Like other third-graders at Jefferson Science Magnet School , David Parra brought home something new Tuesday: a Pepperidge Farm backpack. So did the kindergartners, the first-graders, the fourth-graders and the fifth-graders.
But the second-graders were singled out for special attention in a new relationship between the school and the corporation. "We've been doing a nutrition project," said Shonna Mitchell, a second grade teacher and vice president of the PTO. "Pepperidge Farm is funding it."
Once a week, a Norwalk Hospital nutritionist visits the second-graders and teaches them about the food groups. "It matches in with our curriculum," Mitchell said. "And then Pepperidge Farm also gives healthy snacks, either for kids who don't have snacks or to replace unhealthy snacks."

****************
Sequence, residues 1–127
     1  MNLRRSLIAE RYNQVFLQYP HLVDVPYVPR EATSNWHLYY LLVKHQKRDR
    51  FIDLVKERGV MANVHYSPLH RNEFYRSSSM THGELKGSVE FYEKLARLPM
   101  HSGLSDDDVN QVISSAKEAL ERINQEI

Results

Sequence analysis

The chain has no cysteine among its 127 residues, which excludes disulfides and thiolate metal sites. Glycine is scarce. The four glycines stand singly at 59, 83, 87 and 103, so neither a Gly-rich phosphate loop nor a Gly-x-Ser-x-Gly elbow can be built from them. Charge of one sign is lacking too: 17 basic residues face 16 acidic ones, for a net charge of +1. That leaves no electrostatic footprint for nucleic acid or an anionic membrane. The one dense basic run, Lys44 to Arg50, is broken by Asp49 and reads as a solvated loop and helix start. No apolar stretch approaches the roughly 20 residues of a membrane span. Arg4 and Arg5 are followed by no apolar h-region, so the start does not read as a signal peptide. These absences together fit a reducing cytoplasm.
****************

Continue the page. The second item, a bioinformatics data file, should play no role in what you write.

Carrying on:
The relationship escalated Tuesday with a health-themed Halloween activity. Every pupil in the school attended, going from station to station to collect treats: pedometers, jump ropes and backpacks.
That included the second-graders, who are keeping their backpacks at the school to use in their Pepperidge Farm activities.
The children also did physical activities. They used their jump ropes, they played with hula-hoops and they did relay races with rubber ducks. And a Pepperidge Farm employee taught the children how food gets converted to energy. "It's funny because a lot of the kids don't understand," said art teacher John Hungaski. He said she asked the kids why their parents put gas in the car and what is considered exercise. "It was a really neat program, I have to admit," he said.
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